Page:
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Dave Marsh





more reviews of White African
 
STRANGE FRUIT

If blues were really easy to create, more people who do it would get it right. In plain fact, make a blues record is extraordinarily difficult. The artist is handed a range of rudiments-lyric tropes, rhythms, instrumentation, vocal approach-and asked to use and them to achieve the most intensely personal expression, which can only be achieved by extending and bending the rules without quite breaking them apart. When you hear someone who knows how to put this stuff together in such a fashion - whether that person is Blind Willie McTell or Robert Bradley, Son House or Alvin Youngblood-Hart, Howlin' Wolf or Stevie Ray Vaughan - an utterly singular personality emerges from a stereotype. Think of it as the shock of the unique.

Otis Taylor has been making blues music for a long time, since he was a teenager, and with only intermittent support, since he's based out in the Rocky Mountains around Denver. But he nailed down a solid blues personality with his first album,
When Negroes Walked the Earth, and on his new one, White African, he comes pretty close to going the distance.

Taylor has a singular instrumental presence. Mostly, he's about heavily strummed hollow body guitar, somewhat in the Lightnin' Hopkins mode, but he also plays electric banjo ("Banjocaster"), mandolin, harp and regular banjo. He uses train track rhythm commandingly and he uses stark runs and John Lee Hooker basslines (some provided by Kenny Passarelli) to provide a bed for his meditative lyrics.

Mostly, he's singing about death. In the opening song, a black hobo is accused of murder in 1930s Louisiana; in the next, Jesus is about to be crucified or else a man with a terminal illness that might be AIDS thinks he is; in the next, a man begs his mother not to expire; in the next, a father without health insurance tries to think of ways to protect his dying baby, who is heard crying in the cardboard box that is their home. In the album's most exhilarating track, the son of a Navajo woman and a runaway slave loses his horse, gets drunk and imagines that he's dying. In "Hungry People," which concludes the set, a homeless woman in contemporary time tells of a world full of hungry people-it's quite literally a song about mass starvation.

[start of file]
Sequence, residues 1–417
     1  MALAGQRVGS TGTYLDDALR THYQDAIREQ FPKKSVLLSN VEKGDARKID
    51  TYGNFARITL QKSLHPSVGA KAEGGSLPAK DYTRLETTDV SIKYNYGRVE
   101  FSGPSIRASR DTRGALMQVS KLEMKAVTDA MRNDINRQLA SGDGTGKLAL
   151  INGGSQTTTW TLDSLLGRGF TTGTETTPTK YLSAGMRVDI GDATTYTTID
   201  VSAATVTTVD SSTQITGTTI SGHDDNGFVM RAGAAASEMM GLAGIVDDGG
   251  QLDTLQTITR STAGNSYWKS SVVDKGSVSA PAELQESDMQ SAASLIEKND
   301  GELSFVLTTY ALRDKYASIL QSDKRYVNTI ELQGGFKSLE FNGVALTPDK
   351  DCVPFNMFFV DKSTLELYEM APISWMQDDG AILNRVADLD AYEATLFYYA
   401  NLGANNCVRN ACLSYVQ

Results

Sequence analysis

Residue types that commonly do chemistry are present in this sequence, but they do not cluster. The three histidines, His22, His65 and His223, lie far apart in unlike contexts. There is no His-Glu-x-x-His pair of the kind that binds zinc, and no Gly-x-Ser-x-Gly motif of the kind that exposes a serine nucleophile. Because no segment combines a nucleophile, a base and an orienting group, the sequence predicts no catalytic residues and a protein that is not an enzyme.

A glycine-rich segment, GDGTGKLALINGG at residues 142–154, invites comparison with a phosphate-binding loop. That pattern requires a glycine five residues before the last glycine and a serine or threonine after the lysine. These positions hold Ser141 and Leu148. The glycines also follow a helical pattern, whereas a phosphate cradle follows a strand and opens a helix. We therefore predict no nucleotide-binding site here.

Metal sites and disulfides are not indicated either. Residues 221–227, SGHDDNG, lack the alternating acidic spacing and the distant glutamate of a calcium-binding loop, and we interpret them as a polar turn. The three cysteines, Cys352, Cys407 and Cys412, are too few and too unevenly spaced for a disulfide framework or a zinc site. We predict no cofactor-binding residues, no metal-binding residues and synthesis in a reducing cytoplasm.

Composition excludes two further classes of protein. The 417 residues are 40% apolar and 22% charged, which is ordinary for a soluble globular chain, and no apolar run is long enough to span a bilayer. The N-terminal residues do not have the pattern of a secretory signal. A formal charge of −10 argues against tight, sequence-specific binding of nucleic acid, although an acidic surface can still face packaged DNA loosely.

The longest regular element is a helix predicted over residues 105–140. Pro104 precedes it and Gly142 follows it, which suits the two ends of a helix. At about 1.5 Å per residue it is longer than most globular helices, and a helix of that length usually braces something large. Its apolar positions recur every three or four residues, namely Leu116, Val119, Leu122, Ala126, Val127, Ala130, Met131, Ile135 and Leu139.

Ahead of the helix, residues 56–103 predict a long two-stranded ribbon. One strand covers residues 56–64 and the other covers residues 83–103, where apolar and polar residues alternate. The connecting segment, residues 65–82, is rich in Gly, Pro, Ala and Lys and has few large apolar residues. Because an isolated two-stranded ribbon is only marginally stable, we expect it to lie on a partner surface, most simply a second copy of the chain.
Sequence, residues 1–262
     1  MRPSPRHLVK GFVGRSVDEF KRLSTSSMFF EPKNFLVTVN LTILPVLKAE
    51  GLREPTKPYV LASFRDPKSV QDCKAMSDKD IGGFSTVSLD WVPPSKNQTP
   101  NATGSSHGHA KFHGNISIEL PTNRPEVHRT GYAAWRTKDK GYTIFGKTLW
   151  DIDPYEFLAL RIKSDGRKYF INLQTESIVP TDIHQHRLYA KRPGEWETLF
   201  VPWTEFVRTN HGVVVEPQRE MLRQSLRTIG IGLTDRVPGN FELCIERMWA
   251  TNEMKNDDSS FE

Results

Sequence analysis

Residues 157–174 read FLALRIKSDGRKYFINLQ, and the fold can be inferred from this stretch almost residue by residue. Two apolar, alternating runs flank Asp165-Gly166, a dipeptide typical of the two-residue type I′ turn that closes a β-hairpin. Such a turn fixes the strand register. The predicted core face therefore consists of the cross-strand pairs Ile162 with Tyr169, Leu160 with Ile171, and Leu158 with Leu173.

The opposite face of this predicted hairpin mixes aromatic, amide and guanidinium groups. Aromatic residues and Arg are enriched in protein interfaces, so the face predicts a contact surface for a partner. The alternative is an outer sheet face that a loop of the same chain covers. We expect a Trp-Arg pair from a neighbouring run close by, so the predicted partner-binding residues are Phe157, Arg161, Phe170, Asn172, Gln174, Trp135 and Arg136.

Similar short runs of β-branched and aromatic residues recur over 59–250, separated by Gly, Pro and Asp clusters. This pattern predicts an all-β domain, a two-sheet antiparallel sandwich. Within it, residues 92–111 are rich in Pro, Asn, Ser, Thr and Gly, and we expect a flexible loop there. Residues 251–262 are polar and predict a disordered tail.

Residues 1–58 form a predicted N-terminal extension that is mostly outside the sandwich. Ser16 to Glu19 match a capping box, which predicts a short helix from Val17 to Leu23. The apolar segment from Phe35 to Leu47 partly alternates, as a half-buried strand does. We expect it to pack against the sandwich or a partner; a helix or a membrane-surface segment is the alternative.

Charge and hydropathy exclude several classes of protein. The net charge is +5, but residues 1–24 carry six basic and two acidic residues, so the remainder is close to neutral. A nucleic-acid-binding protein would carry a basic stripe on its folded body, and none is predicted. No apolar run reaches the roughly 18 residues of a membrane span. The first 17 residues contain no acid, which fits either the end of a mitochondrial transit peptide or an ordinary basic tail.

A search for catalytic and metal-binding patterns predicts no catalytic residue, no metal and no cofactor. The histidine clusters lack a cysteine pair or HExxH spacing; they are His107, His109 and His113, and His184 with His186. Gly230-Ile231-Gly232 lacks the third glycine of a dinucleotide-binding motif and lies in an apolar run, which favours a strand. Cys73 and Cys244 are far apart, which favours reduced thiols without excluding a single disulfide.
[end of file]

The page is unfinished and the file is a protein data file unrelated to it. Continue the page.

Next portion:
The album's greatest song, by far, is "Saint Martha Blues." It's based on a true account of Taylor's great-grandfather being lynched and his grandmother's heroic response. Its bitterly explicit opening verses, which feature Martha going to collect a body hung and then torn to pieces blow away any other song about lynching, including "Strange Fruit." Taylor sent me a preliminary copy way last summer and I've been listening to it ever since. It stuns me that something so nakedly cruel can also be so captivating, that within a tragedy that still does drive some folks mad, Taylor has found beauty, even if it is a very savage beauty.

That is what blues music is all about. It is why the blues is the supreme artistic accomplishment of the American people, and it is why every other significant music form to emerge from this continent can trace either a line straight back to blues or a lineage exactly parallel to it.
 



"Taylor sent me a preliminary copy way last summer and I've been listening to it ever since. It stuns me that something so nakedly cruel can also be so captivating...Taylor has found beauty, even if it is a very savage beauty."